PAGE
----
JW: “The Suckling Pig” masterfully condenses all of human nature into one day that spirals out of control. The image of the suckling pig, to which you return at the end, aroused quite a frisson. What I take away here is that life is nasty, brutish, and short, but also delicious--please comment!
JR: I think that's a great summation of the main character Tom's basically fun-loving, nihilistic world view. He's a well-to-do, second-generation Chinese divorce living in a suburban milieu not so different from the one where I grew up, capable of both real generosity and real sadism, both of which impulses stem from his basically Libertarian ethos. I've had people tell me he's the most charming character in the book, and also the biggest asshole, and hopefully both are true. In any case, he offered a way into some issues of race and class in suburbia that I've been wanting to explore for awhile.
The image of the suckling pig came from a party a friend threw a few years ago. She served a suckling pig and it was kind of impossible not to think of it as a baby.
JW: “Words and Things” describes a relationship between a woman who is an artist, Jen, and a man who is an art critic, David. David fails several tests--he is good neither at manipulating objects, nor at naming dogs, nor even apparently at art criticism. Yourself an art critic, you have often been involved in projects juxtaposing words and images, as in your work as editor for Plazm. Is Jen right to think artists are more in touch with reality than writers are?
JR: No, I don't think she's right. Which is to say, I don't think anyone's all that much more in touch with reality than anyone else. I do, however, think she and David have different ways of gauging reality, though, and you're right, it probably stems from my own experiences in the world of art over the years. As an art writer, I've always been interested in how language transforms an object under description, and how objects can demand certain kinds of language. To me, there are some interesting questions involved in the act of describing, and some really sweet pleasures. One of my favorite Greek words is ekphrasis, which means "the joy of describing a visual image in words."
For what it's worth, this is probably the oldest story in the collection, about ten years old, and it's also among the most autobiographical. It's funny, though. As autobiographical as this story might have been at its inception, I read it now and the characters seem more allegorical than any of the others.
JW: “Young Bodies” is about class. Kendra tries to seduce Bryan, who has something she does not have--a code of living, a set of illusions maybe, that preserve him from certain forms of degradation. Who ideally would play these people if this story became a movie?
JR: I'm lousy with actors. I hardly know anyone's names. But I will say this: when I was writing this story, I was thinking a little bit about those recent Jud Apatow movies. The way the people talk, the general drift of time, even the lighting, as I see it in my mind, vaguely resembles some of the scenes in Superbad or Knocked Up. I guess "Young Bodies" is like a not very funny Apatow movie. Maybe the kid who delivers the Burger King in the story could be that fat kid in Superbad, I forget his name.
And I think you're right about Bryan. He has both a code of living and a set of illusions and they are basically one in the same. He's a privileged suburban liberal with all the fixed ideas one might imagine, and to Kendra, a first generation Russian kid, he looks hopelessly naive. Which is not to say she doesn't admire him in a way, and want to get with him.
JW: Because we want our children to believe they can succeed, it is painful for us to observe them noticing our own failures. In “New Shoes,” Dan's daughter selects a pair of shoes, while Dan waits for the call back that will determine whether or not his movie gets made. “Only film-making was meaningful, and his failure in that realm threatened his very inner glue. He had arrived at the perimeter of his selfhood, and sadly it was not as far out as he had hoped.” I want to ask something like--is Dan doing something wrong, or is his attitude wrong, or does capitalism require us to be like Dan?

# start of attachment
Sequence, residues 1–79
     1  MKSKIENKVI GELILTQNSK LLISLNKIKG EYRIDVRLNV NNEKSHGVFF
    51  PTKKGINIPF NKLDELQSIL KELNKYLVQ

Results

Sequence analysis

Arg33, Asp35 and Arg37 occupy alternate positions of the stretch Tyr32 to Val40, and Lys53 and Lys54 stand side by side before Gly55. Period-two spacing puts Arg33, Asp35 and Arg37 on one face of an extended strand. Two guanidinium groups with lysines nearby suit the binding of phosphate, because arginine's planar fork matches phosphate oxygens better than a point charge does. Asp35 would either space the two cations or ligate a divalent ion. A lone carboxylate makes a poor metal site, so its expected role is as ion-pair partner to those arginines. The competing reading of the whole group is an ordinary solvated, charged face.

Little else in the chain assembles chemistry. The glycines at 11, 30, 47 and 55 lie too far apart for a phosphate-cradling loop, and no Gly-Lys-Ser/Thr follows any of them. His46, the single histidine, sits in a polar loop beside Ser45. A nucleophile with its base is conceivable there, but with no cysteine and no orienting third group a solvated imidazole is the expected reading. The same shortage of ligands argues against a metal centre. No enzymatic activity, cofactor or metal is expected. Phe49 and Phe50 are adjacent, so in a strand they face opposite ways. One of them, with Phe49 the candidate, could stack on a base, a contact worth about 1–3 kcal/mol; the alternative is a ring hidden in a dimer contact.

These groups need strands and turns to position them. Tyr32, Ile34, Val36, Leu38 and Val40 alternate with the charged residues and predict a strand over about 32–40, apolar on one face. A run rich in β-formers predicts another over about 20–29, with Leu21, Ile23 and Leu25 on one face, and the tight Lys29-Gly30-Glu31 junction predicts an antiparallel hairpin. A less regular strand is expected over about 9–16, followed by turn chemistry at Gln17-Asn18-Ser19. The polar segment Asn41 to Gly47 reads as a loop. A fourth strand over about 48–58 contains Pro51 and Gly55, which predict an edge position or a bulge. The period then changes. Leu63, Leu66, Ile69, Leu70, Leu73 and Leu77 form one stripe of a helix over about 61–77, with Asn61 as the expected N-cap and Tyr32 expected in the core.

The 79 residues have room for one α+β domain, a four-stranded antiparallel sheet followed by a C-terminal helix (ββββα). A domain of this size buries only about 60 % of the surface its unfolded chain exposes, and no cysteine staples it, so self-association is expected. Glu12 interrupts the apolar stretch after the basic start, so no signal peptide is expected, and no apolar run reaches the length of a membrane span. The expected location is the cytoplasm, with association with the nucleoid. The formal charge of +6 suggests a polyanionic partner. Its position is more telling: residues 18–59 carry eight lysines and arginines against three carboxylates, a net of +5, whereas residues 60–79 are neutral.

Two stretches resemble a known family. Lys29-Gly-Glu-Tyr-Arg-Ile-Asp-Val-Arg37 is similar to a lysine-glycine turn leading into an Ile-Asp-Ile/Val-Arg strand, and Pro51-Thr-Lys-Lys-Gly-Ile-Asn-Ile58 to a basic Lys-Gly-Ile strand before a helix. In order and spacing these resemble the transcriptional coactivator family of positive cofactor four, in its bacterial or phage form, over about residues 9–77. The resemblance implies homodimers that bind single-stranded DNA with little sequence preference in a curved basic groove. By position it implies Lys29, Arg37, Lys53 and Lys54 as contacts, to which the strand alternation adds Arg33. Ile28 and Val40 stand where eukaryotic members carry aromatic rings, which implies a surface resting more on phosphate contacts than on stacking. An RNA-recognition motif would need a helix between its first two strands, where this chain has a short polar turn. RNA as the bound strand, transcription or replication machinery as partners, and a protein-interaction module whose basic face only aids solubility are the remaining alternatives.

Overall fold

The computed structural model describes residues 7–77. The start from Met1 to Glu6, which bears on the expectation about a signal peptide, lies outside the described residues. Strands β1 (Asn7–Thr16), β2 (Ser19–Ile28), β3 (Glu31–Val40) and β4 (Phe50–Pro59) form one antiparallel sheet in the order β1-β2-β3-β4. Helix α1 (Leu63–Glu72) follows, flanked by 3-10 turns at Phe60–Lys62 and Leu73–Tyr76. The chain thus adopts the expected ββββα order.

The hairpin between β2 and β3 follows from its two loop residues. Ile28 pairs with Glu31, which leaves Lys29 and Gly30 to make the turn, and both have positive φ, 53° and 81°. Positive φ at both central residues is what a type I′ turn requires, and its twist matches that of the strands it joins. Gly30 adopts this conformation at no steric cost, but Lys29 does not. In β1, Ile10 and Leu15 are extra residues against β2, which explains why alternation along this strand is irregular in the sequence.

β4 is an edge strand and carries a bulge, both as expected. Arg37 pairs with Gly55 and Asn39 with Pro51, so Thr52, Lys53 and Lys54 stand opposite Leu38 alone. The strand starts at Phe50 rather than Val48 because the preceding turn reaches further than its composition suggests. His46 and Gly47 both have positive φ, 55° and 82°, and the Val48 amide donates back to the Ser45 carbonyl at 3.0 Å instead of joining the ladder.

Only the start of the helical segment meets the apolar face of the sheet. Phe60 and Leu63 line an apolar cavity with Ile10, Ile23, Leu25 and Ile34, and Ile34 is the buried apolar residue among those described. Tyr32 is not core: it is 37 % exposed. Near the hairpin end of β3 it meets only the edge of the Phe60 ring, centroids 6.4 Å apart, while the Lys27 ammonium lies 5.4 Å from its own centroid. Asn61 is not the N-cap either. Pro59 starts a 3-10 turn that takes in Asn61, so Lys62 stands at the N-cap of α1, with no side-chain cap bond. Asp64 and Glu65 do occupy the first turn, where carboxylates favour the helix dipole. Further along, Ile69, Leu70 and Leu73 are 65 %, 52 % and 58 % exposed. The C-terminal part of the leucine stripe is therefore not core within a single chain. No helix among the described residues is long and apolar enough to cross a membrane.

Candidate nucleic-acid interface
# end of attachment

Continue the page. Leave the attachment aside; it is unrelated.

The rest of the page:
JR: I think Dan just isn't that lucky. He strikes me as a smart, principled, talented guy who simply hasn't gotten some of the breaks that other equally talented people have. I mean, I think he could easily make a movie as good as the vast majority of crap out there. So no, I don't think his attitude is off. And I don't even think capitalism is really hurting him that badly. I just think that like any artist, he has gnawing self-doubts. He hasn't been recognized in the way he once imagined being recognized, and so, within the parameters of identity he's set for himself, he construes his life as a failure. I think this is an insecurity-cum-rolling-identity-crisis that most creative people can relate to. And I imagine they can also relate to his money problems.
JW: With “Train Choir,” you somehow managed to pull off a dog story that's both completely unsentimental and utterly heartbreaking. How did the story change for you as you developed it into the movie Wendy and Lucy? Also--this is kind of a Californian question--my ex-wife wants to know how she can best find a movie role for one of her dogs. Do you have any tips on that?
JR: The story didn't change too much in the translation to film, probably because it was conceived for adaptation from the start. I wrote this one with Kelly's needs in mind, and in conversation with Kelly, so the story kind of flowed right into the script when the time came. Kelly made a few additions and subtractions--the police station scene, for instance, is much longer in the film, while the encounter with the scary guy in the park, is much shorter--but overall the basic blocking and emotional turns are fairly identical.
As for canine acting, I don't know. Lucy, the dog that plays Lucy in the film, belongs to the director. One big reason she was cast was because she tends to destroy Kelly's apartment when left alone, so she had to be on set anyway.
JW: In many of these stories, your hero or heroine makes a decision to act responsibly, according to his or her best understanding of what that entails, and is rewarded with loneliness. This is a very Western story arc--isn't this one reason that Livability feels so strongly rooted in that tradition of regionalist literature?
JR: That could very well be. I'd never thought of it that way before. In fact, it never quite occurred to me that all the characters ended up lonely, but sure enough, thinking it through, that's kind of undeniable. I wonder if I could shift terminology slightly, though, and cast them more as lonesome? Lonely feels more existential to me. Lonesome has more yearning involved, and seems more Western, as you mention. I'd hope that these characters fall more on the lonesome side of things.